In the interval between the Louisiana state court's grant of the exception of no right of action and its entry of judgment dismissing the case, Cleartrac and its sole member, Russell Kent Moore, (collectively, “Plaintiffs”) filed a complaint in the United States District Court for the Eastern District of Louisiana (“EDLA”) seeking to invoke the court's diversity jurisdiction. Plaintiffs again sought to enforce the Texas Judgment and make it executory. They named as defendants Lanrick Contractors; Lanrick Real Estate, LLC; Southeast Dirt, LLC; Hudson Holdings, LLC; Hudson Holdings Equipment, LLC; and Thomas P. McKellar (collectively, “Defendants”).
Defendants filed two motions to dismiss. First, Defendants argued that the EDLA lacked subject-matter jurisdiction under 28 U.S.C. § 1332(a). Defendants did not challenge that there was complete diversity between the parties but instead contended that the diversity statute's amount-in-controversy requirement was not met. Specifically, Defendants argued that 28 U.S.C. § 1332(a) bars the inclusion of post-judgment interest in computing the jurisdictional amount and that, without post-judgment interest, the dispute involves less than $75,000. The EDLA, they argued, therefore lacked jurisdiction. That district court rejected Defendants' argument and denied their motion. Second, Defendants asserted in a separate motion that the doctrine of res judicata precluded the federal action because the Louisiana state district court in its August 19, 2019, judgment already decided Plaintiffs had no right to bring this action. Agreeing with Defendants, the EDLA granted their res judicata motion under Federal Rule of Civil Procedure 12(b)(6) and dismissed the case.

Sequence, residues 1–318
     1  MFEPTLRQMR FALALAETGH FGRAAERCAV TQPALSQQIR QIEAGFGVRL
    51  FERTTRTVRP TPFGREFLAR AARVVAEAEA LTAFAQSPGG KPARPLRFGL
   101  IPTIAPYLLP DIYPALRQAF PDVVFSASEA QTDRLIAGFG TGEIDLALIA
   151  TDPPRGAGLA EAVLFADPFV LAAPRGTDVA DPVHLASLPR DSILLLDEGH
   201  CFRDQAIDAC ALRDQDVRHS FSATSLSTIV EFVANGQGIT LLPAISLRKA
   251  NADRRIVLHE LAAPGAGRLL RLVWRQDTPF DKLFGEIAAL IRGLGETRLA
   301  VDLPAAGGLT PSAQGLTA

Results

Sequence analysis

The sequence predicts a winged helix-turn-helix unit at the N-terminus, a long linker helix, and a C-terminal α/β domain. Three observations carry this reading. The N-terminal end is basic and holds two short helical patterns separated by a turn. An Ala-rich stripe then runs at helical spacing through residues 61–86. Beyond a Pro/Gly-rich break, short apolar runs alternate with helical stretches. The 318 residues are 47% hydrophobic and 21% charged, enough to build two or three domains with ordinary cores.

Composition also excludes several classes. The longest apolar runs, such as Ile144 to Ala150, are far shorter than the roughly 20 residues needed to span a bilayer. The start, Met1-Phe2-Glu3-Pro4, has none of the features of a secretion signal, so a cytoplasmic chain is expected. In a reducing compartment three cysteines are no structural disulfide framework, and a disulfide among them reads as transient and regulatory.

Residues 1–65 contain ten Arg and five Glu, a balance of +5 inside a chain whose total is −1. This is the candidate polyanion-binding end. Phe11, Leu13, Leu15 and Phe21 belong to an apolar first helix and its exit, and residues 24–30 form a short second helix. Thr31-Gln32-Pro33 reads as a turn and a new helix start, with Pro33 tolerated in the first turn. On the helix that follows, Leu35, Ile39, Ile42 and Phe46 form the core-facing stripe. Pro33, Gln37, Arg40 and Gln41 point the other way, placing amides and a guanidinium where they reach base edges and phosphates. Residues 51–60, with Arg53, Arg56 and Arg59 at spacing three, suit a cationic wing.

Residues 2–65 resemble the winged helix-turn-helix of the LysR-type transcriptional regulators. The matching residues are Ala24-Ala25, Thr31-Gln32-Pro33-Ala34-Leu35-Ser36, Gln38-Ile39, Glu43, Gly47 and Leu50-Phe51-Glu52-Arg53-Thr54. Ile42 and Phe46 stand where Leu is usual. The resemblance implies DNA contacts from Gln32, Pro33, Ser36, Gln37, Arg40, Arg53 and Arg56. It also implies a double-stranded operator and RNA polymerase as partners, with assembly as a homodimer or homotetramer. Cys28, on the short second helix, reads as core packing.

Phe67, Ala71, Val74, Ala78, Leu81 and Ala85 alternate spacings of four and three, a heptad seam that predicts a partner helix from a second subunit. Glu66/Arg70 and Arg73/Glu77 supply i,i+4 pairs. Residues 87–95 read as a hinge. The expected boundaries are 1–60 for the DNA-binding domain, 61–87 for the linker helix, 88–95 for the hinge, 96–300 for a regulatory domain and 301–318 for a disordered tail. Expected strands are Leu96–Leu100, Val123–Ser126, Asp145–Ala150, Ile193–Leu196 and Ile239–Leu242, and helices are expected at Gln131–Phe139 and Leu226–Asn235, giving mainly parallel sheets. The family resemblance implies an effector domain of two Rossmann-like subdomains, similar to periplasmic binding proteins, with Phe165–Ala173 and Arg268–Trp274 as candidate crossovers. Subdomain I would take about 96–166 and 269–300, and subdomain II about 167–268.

Defendants timely appealed the district court's ruling on subject-matter jurisdiction, while Plaintiffs timely appealed the court's order dismissing on the basis of res judicata.
“Federal courts are courts of limited jurisdiction.” Howery v. Allstate Ins. Co., 243 F.3d 912, 916 (5th Cir. 2001). “The burden of establishing federal jurisdiction rests on the party seeking the federal forum.” Id. at 919. This court, moreover, has “an independent obligation” to assure itself of its jurisdiction. MidCap Media Finance, L.L.C. v. Pathway Data, Inc., 929 F.3d 310, 313 (5th Cir. 2019).
Plaintiffs sought to invoke the district court's diversity jurisdiction under 28 U.S.C. § 1332. Relevant here, § 1332(a) permits the exercise of federal jurisdiction only when (1) the dispute is between citizens of different states and (2) the amount in controversy “exceeds the sum or value of $75,000, exclusive of interests and costs.” 28 U.S.C. § 1332(a). Because we find that Plaintiffs have not met the amount-in-controversy requirement, we need not address whether there is diversity of citizenship. As to the amount in controversy, it “should be determined at the time of filing” of the complaint. White v. FCI USA, Inc., 319 F.3d 672, 674 (5th Cir. 2003).
Plaintiffs argue that the amount in controversy is $85,180.97, consisting of the following awards from the Texas Judgment: $51,519.47 in principal; $1,313.16 in pre-judgment interest; $3,000 in attorneys' fees for filing and prosecuting the case; $2,500 in post-judgment collection efforts; $500 in court costs; and 5.00% interest per annum from the date of the Judgment until paid in full. Because the $51,519.47 principal by itself is clearly insufficient, the question, then, is whether the other awards in the Texas Judgment must be included in calculating the amount in controversy or are excluded as interest or costs.